Investing is hard. There are no shortcuts. Markets are generally efficient and when they aren’t there are plenty of people digging up the value ahead of you.
when a man is capable of being in uncertainties, mysteries, doubts, without any irritable reaching after fact and reason
The ability to just give in to market forces allows the investor to benefit from its perfection. I have only once come across an investment strategy that strove after such negative capability, it was articulated by Yves Choueifaty , President and CIO of TOBAM.
TOBAM is an investment strategy which perfectly expresses this perfect passivity since it aims to weight the portfolio with the stocks in a given market without any prejudice or bias.
Extreme passivity creates what Keats refers to as
the sense of Beauty (that) overcomes every other consideration, or rather obliterates all considerations
You may consider my transference of Keats’ sense of beauty into what Yves Choueifaty calls “maximum diversification” as fanciful. I do not think it is; – “negative capability” is a term that can equally describe both a perfect market and perfect beauty. Both are difficult.
Which brings me to the destruction of that perfection, the operational wrecking ball we take to pure passivity when we attempt to operate investment strategies through sub-optimal mechanisms.
I have spent some time this week studying a report on the different ways in which pension funds can invest in passive strategies and have come to the conclusion that pension people have been very lazy in getting to grips with the dark arts of the index manager.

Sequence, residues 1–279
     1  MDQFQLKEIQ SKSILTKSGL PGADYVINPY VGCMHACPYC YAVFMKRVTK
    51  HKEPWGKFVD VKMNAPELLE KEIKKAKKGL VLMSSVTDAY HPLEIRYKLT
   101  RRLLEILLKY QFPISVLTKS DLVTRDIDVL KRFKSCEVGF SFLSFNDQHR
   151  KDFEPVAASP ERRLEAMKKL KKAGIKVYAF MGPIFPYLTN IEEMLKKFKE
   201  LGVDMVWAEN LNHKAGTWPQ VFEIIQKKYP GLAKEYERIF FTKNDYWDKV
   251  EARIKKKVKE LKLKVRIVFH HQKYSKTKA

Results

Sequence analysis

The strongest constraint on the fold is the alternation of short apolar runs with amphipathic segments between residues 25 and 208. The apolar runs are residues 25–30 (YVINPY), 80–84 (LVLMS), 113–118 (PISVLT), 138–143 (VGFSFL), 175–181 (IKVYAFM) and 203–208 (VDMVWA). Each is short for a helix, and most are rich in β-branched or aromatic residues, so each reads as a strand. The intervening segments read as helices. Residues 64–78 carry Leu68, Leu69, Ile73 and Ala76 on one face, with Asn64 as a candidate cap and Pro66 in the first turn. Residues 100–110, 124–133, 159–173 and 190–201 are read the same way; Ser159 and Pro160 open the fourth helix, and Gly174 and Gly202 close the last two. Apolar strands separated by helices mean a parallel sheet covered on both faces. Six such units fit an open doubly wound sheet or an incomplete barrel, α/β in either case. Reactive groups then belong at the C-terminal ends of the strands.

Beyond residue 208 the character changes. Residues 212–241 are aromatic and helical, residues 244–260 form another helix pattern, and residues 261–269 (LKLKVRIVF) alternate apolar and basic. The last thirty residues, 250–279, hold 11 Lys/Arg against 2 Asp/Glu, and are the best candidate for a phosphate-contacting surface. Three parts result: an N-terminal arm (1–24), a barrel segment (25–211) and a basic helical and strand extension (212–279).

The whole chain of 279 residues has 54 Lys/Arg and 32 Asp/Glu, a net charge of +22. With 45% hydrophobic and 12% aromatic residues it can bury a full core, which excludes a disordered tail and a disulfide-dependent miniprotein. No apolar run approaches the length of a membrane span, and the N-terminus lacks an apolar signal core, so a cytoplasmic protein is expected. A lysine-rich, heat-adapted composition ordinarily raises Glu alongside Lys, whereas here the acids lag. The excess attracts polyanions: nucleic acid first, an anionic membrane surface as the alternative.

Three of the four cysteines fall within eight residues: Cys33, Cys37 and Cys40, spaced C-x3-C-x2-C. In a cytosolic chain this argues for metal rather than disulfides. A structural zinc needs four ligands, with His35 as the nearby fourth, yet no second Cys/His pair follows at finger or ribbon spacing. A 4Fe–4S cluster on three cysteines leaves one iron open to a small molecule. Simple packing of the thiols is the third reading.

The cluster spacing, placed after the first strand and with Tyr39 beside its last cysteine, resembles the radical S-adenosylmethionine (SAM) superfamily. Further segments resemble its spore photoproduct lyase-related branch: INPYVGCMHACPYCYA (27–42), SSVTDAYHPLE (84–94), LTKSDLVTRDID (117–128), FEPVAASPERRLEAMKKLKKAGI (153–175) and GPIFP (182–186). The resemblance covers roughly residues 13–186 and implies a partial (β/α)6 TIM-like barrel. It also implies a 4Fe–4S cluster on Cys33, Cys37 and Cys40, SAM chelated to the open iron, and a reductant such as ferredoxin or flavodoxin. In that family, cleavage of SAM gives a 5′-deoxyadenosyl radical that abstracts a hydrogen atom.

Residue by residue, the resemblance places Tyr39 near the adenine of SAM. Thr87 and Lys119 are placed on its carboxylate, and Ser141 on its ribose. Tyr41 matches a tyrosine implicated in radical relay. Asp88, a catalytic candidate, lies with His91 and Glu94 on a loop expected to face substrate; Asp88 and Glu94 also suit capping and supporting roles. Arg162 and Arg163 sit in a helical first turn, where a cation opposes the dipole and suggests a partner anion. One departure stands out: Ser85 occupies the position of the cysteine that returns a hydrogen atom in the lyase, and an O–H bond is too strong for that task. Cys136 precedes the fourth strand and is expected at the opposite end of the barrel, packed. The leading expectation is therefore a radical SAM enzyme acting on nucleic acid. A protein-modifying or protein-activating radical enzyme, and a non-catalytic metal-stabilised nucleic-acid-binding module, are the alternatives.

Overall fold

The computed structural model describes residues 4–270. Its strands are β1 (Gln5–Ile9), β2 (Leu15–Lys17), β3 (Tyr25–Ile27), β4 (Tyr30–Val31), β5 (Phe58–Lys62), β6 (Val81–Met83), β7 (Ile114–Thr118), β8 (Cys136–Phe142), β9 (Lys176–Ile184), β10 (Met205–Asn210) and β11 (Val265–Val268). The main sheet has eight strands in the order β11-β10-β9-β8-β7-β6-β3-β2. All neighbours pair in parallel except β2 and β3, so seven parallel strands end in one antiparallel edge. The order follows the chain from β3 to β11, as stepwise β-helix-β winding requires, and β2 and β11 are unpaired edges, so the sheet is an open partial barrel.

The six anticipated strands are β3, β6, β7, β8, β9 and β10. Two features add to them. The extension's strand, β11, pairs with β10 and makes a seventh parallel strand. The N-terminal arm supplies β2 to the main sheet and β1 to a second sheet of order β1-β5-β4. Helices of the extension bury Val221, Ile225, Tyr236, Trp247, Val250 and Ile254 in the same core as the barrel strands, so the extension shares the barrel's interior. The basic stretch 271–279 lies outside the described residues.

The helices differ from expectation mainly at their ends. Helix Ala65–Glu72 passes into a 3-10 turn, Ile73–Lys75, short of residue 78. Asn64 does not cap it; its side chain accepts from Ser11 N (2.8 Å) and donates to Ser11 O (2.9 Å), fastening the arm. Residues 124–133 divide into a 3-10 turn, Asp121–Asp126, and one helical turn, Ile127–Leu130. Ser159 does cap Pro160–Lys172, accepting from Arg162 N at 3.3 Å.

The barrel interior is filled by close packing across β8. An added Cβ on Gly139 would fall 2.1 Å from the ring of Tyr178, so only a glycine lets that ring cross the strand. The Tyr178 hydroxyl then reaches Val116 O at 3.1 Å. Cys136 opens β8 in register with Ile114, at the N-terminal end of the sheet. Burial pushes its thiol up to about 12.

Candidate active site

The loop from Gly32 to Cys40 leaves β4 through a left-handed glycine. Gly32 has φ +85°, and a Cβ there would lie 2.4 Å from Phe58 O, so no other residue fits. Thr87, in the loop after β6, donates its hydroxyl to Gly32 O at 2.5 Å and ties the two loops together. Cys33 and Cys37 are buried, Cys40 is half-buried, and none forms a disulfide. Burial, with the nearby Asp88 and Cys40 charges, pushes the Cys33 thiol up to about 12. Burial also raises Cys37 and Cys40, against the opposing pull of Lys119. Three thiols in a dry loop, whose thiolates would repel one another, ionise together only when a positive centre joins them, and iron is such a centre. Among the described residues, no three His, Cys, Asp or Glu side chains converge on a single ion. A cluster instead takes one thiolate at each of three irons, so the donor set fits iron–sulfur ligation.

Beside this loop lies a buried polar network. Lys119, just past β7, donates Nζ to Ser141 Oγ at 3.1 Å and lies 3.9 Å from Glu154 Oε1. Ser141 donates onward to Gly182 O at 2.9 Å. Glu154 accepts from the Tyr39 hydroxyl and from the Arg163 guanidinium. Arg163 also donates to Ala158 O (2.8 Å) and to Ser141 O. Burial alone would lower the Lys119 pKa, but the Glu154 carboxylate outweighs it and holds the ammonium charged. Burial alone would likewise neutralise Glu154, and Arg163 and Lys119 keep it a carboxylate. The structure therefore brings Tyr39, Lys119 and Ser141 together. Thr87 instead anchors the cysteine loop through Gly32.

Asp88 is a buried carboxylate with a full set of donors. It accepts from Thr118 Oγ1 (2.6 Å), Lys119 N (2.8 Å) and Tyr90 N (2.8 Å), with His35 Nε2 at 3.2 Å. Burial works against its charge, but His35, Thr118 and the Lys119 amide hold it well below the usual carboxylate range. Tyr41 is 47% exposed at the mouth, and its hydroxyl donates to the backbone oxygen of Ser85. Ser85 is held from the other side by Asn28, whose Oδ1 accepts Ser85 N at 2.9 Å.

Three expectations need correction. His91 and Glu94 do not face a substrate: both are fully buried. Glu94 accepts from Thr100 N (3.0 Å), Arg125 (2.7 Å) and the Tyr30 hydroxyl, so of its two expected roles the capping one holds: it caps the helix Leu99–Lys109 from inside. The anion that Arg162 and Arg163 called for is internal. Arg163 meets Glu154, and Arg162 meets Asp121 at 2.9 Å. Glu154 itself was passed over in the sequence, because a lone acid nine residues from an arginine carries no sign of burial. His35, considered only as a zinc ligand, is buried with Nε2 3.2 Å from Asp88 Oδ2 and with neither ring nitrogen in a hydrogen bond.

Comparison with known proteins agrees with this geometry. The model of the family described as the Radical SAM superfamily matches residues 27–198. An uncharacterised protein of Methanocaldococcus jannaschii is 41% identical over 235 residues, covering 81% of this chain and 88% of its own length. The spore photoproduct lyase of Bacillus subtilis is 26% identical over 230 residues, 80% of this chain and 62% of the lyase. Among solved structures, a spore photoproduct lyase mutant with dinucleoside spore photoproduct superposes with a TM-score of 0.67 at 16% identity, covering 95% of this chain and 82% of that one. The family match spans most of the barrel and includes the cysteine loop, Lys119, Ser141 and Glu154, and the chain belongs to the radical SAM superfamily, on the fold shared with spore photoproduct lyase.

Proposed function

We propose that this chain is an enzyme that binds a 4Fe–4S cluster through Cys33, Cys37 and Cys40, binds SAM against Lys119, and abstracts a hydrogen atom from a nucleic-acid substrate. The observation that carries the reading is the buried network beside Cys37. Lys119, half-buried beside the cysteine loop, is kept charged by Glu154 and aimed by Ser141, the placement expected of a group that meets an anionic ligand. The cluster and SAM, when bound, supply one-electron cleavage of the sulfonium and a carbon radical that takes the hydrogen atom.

If you are interested in how that perfect idea- a pure index – can be delivered with minimum disruption to maximise your retirement you should read this excellent report by Evrcore Pan Asset which looks at the differences in outcomes created by ETF‘s and pooled indexed funds.
I am not overly interested in beating markets- I believe markets are ultimately unbeatable and my torpid conclusion is that if you can’t beat them- index them. Creating the perfect index involves the extreme passivity that Keats refers to as negative capability. Delivering this perfection without operational interference requires skill and application.
This area of investment is of interest to everyone but of particular interest to those who research DC defaults. These DC defaults have “fee budgets” constrained by the imputed cap of charging either from competition, regulation or both. These charging constraints concentrate the mind to finding the minute advantages that can be mined from this cold and unyielding stone.
- Diversification and speculation are different. (henrytapper.com)
- Why the DC “game is up” for the active fund managers (henrytapper.com)
- How to use ETFs (fidelity.com)
- Behind Vanguard’s change of heart (marketwatch.com)
- Transcending Mortality in Art (romanticismandapocalypse.wordpress.com)
- Bright Star by John Keats (lipstickkeatsandtea.wordpress.com)
- Life & Letters – John Keats (edoak.wordpress.com)